Tagalogue: Voices of the diaspora

'Tagalogue' is run by a cast on a volunteer basis, simply fueled by their love and affinity to their homeland and its culture

Rina Angela Corpus
Published 1:05 PM, October 21, 2012
Updated 1:27 PM, October 21, 2012

LOVE FOR THE MOTHERLAND even if they are oceans away in 'Tagalogue.' Photo by Rina Angela Corpus

LOVE FOR THE MOTHERLAND even if they are oceans away in 'Tagalogue.' Photo by Rina Angela Corpus

NEW YORK, United States - Twelve Filipino-American theater artists shook the small stage of Nuyorican Poets Cafe at the Lower East Side of the Big Apple, with their autobiographic monologues mostly centered on what it means to be half-Pinoy, half-American living in these times in the US.

Inventively titled Tagalogue — an obvious mix of 'Tagalog' and 'monologue' — this series of soliloquies written and performed by Fil-Am stage actors evoked emotions that ranged from growing-up pains, freedom, to the joy of knowing one's cultural roots — all arising from the experience of being a Filipino-American in the diaspora.

Tagalogue was initiated by Leslie Espinosa, a hairstylist and make-up artist born and raised in San Diego, California, whose first visit to the Philippines in 2011 “changed her life” that she was inspired to come up — together with her other Fil-Am artist friends in New York, namely Kilusan Bautista and Precious Sipin — to produce a theatrical piece that would keep the flame of their motherland's culture alive.

The show premiered in July 2012 and was shown as “Tagalogue, volume 2” this October, with a new set of cast, and part of the official celebrations of the Filipino-American Historical Month in New York.

While Filipinos now rank as the second largest Asian ethnicity in America, they are still often considered an “invisible minority.”

Andre Dimapilis: "My Name is..."

Brooklyn-based Andre opened up the show with an interactive monologue/dialogue where he asked the audience what they thought his ethnic background was.

Audience members shouted out various cultures, from Eskimo, to Hondurian, to Mexican — never Filipino.

Precious Sipin: "Dalaga"

For her part, Precious' segment was a comic show-stopper with her ebullient mimicry of her Pinay mother's Tagalog accent, expressing a gamut of feelings about her daughter's entry into young womanhood: from the excitement over having her first menstruation, to her trepidation on her daughter's first date with a white guy.

Leslie Espinosa: "Letters Series"

Leslie's piece was interspersed in-between the first act, where we find her reading from actual letters of love and encouragement from her dad who was a US Navy.

Randy Gener: "The Cry and The Freedom"

Award-winning playwright Randy performed his politically-inspired work-in-progress where he sports a Tagalog accent.

Philippe Garcesto: "Halo-Halo Series"

Like Espinosa, Jersey-based Philippe's piece was likewise interspersed in-between other acts, as he speaks of his Ilonggo origins that he now barely knows about, his problematic father, a supportive mother and his journey of "fitting-in" to a seemingly material-centered culture of America.

Julian Pormentilla: "Legos"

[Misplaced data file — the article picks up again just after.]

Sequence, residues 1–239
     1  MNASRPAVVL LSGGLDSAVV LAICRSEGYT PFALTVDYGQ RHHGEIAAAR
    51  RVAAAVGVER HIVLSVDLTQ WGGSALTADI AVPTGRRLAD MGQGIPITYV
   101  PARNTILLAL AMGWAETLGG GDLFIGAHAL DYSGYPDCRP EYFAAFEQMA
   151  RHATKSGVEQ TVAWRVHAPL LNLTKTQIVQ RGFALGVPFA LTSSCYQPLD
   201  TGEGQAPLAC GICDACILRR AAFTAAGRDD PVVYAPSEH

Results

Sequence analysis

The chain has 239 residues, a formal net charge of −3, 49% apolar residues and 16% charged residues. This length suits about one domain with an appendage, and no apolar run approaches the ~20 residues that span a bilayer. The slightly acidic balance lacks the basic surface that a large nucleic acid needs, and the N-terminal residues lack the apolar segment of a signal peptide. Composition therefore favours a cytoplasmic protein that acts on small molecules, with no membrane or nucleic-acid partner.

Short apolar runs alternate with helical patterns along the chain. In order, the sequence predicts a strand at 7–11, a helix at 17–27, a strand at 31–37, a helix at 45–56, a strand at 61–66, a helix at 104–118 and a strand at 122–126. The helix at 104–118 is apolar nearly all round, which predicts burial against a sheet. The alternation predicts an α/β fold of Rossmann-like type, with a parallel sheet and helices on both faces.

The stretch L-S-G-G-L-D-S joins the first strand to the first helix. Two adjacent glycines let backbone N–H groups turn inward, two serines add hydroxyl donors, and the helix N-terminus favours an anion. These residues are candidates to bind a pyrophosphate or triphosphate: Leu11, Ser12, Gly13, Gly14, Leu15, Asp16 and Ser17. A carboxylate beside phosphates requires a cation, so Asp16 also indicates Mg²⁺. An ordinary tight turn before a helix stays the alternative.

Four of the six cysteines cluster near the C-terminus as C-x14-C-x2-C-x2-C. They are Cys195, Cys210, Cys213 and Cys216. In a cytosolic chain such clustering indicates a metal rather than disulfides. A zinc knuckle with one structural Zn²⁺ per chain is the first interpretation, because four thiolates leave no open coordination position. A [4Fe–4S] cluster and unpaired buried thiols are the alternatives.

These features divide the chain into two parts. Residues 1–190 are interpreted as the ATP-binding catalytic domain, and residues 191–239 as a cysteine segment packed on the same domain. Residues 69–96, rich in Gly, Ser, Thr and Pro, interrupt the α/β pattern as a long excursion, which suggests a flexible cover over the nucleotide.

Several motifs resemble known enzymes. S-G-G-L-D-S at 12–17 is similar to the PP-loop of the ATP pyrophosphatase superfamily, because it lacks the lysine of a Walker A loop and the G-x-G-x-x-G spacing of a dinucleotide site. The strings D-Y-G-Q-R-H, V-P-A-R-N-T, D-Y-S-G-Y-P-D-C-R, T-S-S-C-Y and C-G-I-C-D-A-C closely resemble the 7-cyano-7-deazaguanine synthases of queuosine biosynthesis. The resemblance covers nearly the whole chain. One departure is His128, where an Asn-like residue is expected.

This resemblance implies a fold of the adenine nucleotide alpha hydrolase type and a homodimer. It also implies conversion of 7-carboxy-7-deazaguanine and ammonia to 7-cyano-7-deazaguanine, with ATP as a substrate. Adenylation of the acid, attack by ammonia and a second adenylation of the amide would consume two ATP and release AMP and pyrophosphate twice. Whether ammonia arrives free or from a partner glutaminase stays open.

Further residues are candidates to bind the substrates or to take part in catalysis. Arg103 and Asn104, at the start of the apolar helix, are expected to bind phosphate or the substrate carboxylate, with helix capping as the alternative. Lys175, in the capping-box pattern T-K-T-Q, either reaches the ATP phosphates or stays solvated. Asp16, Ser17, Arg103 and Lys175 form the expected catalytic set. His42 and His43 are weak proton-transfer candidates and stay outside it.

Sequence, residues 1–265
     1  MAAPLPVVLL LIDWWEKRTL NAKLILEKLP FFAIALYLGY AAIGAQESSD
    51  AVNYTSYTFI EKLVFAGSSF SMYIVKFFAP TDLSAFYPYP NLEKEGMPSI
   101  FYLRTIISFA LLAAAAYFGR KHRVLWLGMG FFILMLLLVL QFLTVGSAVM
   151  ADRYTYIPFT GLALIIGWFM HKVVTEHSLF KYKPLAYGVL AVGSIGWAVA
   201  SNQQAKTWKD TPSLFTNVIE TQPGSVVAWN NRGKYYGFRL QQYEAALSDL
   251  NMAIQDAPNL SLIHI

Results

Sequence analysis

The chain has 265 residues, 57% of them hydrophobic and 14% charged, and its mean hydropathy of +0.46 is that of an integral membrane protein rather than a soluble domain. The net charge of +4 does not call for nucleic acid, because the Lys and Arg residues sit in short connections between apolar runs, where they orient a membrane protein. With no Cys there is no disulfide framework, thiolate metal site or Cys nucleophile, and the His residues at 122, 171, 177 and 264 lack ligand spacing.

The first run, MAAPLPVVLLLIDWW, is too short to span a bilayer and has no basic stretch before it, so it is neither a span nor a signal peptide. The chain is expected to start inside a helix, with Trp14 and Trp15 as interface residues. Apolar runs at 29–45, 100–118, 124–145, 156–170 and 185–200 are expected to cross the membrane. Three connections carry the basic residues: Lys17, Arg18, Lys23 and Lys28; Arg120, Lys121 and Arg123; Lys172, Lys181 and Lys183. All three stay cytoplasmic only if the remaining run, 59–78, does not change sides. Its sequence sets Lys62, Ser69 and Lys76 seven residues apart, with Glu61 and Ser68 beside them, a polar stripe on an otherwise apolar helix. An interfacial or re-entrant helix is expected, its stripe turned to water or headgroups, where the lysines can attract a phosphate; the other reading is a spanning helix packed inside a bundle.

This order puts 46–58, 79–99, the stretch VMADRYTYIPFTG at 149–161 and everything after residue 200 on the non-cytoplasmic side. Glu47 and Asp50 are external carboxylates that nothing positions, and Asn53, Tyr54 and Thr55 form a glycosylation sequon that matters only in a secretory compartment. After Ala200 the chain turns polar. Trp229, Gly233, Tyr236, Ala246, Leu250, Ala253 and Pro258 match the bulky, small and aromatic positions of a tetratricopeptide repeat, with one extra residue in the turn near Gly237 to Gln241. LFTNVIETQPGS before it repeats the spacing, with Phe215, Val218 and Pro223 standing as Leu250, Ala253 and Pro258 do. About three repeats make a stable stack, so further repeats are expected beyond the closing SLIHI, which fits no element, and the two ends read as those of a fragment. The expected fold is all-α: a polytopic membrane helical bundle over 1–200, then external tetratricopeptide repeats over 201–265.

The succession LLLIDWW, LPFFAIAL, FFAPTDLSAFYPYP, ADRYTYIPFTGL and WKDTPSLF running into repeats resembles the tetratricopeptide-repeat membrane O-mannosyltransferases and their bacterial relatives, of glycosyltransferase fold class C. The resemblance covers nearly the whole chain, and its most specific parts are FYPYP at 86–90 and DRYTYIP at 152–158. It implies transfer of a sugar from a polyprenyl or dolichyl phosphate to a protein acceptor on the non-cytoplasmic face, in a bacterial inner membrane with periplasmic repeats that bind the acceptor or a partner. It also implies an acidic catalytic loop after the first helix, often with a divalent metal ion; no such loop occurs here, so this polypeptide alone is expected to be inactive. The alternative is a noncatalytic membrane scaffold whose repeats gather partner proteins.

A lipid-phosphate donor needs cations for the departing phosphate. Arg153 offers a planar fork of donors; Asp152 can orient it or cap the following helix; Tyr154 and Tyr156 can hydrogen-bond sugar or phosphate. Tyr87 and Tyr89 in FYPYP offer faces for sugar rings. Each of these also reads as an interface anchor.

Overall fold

Julian's piece is another confessional where he passes around the audience actual pictures of him and his “kuya” (older brother) playing Lego toys of their childhood.

More than nostalgic reminiscences of their innocent days of playing in the world of Legoland, Julian speaks of how his brother's act of sharing the Lego bricks to make his spaceship “fly” was the first act that taught him the value of cooperation — a value that he himself saw innately built in the genetic make-up of his Pinoy family, even as they are now in the US.

Robert Wolf: "White Sheep"

Despite his subdued personality, Robert surprised the audience with his humorous self-revelation about his identity crisis, being the only “white guy” and thus “white sheep” in his family.

Born to a Jewish-American father and a Filipina mother, Robert narrates being joked about for his “whiteness” by town folks during his visits to the Philippines.

Yet in the end, Robert relents to admitting how he sees himself “more Filipino” than Jewish or American.

Jessica and Joelle Abejar: "I Am, version 2.1"

The sister tandem of Jessica Abejar and Joelle Abejar also stole the show with their hard-hitting conversational piece; they are shown seriously throwing quick-witted lines to each other about what is expected of them as children born to Filipino parents.

“Do you talk to God, do you watch teleseryes, do you eat rice, do you sing the karaoke?” were a few of the questions they posed to each other that laid bare an interrogative set of cultural stereotypes surrounding what it has meant, quite superficially, to be a Filipino.

Directed by Grant Thomas (perhaps the only non-Filipino in the production) Tagalogue is run by a cast on a volunteer basis who are simply fueled by their love and affinity to their homeland and its culture.

After calling for submissions of stories and holding auditions — with the main criteria being an “original work on Fil-Am identity that one wrote or one that you wanted to perform based on someone else's piece” — Thomas and Espinosa chose the writers and performers for the last two runs.

Having shelled out mostly from her savings just to get her “Tagalogue dream” moving, founder Espinosa shares how she has now learned to create a page in their website where people can pitch in their donations.

Sharing how theater and the arts have helped her and her peers to educate others about their journey back to their cultural roots, Espinosa finally shares her vision for Tagalogue:

“When people in the audience were asking when the next one was, and saying that they wanted to be a part of the next one, there is nowhere to go but forward.

"I want to be able to take the blueprint for this show to youth groups, college groups, more communities all over the country and the world.” - Rappler.com